Offstage, a Greek chorus reads the one-way conversation preserved by Ellen. “Darling, May I call you that? Your pictures came today: golly, I love you!”
An inch-high pile of letters in much the same vein.
And then several multipage letters. “I’ve been trying to think about this faith you have asked me to pray for, Darling.”
Here is revealed a troubling problem. Ellen is a Roman Catholic, forbidden to marry outside the Faith. Donald? Well Donald didn’t really have a defined faith. As a boy he attended the Unitarian Church. He spent 2 years traveling through the heart of Hinduism, Buddhism, Confucianism and Taoism. He traveled with a foreign Army torn by infighting between the Chang Kai-Shek’s Nationalist Chinese and the Communist Party of China led by Mao-Zedong. His mind is awash with peoples and cultures.
Ellen prays to Saint Francis Xavier. Donald reads St. Augustine and wrestles with logic and science and faith. And in the end, love wins out, miracles happen. They marry in 1947.
Donald and Ellen share an apartment in Providence, Rhode Island, with another couple. They share a kitchen, and hang sheets on a string down the middle of the living room to give each other privacy. Donald works on finish his masters at Brown. Ellen is pregnant. Donald learns he has been accepted into Phi Betta Kappa, a prestigious scholarly society, but Ellen can barely function as her child grows to term. On a freezing day, when the roads are barely passable with ice, it is time to take her to the hospital. They name their first born son Francis Xavier Kearns.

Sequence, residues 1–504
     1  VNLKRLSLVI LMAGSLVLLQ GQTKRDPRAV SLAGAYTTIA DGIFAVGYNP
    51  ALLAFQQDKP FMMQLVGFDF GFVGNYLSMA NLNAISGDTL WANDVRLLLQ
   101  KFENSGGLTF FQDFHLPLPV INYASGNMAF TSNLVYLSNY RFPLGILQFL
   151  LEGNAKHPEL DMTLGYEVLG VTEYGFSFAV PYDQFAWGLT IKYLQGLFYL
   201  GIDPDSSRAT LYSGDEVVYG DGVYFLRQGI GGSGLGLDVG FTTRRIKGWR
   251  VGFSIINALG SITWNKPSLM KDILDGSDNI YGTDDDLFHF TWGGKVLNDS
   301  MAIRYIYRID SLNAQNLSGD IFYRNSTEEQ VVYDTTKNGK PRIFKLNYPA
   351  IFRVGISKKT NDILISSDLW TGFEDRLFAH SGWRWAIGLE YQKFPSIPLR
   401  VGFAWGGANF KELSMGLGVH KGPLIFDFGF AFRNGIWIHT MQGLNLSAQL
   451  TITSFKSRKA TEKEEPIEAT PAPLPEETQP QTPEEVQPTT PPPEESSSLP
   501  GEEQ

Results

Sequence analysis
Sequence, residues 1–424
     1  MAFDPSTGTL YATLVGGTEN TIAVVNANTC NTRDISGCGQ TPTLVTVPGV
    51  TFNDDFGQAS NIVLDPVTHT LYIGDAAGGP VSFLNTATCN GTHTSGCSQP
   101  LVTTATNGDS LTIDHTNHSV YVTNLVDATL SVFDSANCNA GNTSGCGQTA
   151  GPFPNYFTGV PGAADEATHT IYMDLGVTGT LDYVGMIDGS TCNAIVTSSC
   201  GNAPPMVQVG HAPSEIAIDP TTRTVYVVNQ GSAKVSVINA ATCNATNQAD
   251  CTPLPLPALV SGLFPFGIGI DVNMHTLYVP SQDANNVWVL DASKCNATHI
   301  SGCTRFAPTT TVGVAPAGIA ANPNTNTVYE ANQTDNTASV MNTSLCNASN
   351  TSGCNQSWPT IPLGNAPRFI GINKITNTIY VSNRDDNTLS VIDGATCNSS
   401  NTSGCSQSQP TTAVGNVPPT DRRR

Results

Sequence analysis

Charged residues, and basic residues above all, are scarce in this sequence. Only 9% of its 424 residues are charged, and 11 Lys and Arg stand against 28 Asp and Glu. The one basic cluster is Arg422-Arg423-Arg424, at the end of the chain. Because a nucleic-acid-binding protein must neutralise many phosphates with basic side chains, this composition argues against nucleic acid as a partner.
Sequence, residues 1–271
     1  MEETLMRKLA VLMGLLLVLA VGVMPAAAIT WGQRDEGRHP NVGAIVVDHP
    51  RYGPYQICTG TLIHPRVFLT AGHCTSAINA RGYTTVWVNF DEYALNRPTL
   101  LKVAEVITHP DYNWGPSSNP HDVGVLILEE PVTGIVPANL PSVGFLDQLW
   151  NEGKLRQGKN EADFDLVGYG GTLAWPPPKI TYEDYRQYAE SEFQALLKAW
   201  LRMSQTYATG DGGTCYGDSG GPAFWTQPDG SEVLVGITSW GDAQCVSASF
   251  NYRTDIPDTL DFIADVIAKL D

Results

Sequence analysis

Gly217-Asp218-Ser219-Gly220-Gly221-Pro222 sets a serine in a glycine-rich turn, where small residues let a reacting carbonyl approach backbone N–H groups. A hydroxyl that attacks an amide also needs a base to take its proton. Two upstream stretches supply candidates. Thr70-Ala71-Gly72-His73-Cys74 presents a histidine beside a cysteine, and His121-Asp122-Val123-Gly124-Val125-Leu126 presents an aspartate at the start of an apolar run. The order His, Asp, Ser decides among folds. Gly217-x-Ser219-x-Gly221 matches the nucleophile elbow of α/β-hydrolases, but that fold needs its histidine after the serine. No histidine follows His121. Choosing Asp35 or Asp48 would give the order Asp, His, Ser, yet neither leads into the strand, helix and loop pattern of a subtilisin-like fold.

Donald gets his first solid teaching position at a start-up Catholic college called Merrimack. Classes are held in an old gym. Two boys at home, four years in the rented ground floor of a house perched in a busy intersection in Middleton, Massachusetts. Ellen makes a good friend who teaches her some lessons from the depression. The ropes of running a family on a budget. Where to find the bargains. The secrets of powdered milk and day-old bread.
A move to Orono, Maine, another teaching position for Donald at the University and a place to finish his PhD. Ellen’s first small house. Paint. Yardwork. Two darling girls. A bit of a community.
Then a big opportunity. An important promotion. A return to Merrimack College, to a window office in a fresh brick building in a barren field, to chair the newly created Math department. They buy an old farmhouse in the rural outskirts of Andover, a place where a growing family can really thrive. For they have plans for more: “Cheaper by the Dozen” is Ellen’s text book, “The Sound of Music” her muse.
And here they are in the photograph. Donald’s parents have driven up to visit. He stands proud and confident between them, his house in the background. Ellen arranges the children in front, and snaps a picture. Donald and Ellen are 35 years old, and I remember the feeling. Having become someone. Proud to show my parents our new home. Finally adults, with a whole lifetime still ahead.
©2015 Frank Kearns
 Ellen Wrinkle, Science Club, Taper Yearbook 1945